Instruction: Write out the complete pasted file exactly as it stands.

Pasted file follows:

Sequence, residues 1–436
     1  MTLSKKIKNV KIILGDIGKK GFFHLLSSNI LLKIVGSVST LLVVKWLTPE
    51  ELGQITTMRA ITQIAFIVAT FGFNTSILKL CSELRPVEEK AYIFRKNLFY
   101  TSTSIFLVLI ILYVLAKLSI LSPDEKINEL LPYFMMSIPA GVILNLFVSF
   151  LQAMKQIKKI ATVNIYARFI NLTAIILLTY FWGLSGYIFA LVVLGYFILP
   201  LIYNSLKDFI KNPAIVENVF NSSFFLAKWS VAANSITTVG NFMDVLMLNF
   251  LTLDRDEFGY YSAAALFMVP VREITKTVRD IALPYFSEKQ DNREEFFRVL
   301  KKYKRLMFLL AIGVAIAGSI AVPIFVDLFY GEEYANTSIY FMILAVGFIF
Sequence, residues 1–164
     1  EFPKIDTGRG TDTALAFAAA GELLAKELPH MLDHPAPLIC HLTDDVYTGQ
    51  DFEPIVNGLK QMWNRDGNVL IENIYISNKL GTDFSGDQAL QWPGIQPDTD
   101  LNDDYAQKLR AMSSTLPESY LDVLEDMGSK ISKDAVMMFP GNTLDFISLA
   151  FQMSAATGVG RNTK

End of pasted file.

Sequence, residues 1–436
     1  MTLSKKIKNV KIILGDIGKK GFFHLLSSNI LLKIVGSVST LLVVKWLTPE
    51  ELGQITTMRA ITQIAFIVAT FGFNTSILKL CSELRPVEEK AYIFRKNLFY
   101  TSTSIFLVLI ILYVLAKLSI LSPDEKINEL LPYFMMSIPA GVILNLFVSF
   151  LQAMKQIKKI ATVNIYARFI NLTAIILLTY FWGLSGYIFA LVVLGYFILP
   201  LIYNSLKDFI KNPAIVENVF NSSFFLAKWS VAANSITTVG NFMDVLMLNF
   251  LTLDRDEFGY YSAAALFMVP VREITKTVRD IALPYFSEKQ DNREEFFRVL
   301  KKYKRLMFLL AIGVAIAGSI AVPIFVDLFY GEEYANTSIY FMILAVGFIF
Sequence, residues 1–164
     1  EFPKIDTGRG TDTALAFAAA GELLAKELPH MLDHPAPLIC HLTDDVYTGQ
    51  DFEPIVNGLK QMWNRDGNVL IENIYISNKL GTDFSGDQAL QWPGIQPDTD
   101  LNDDYAQKLR AMSSTLPESY LDVLEDMGSK ISKDAVMMFP GNTLDFISLA
   151  FQMSAATGVG RNTK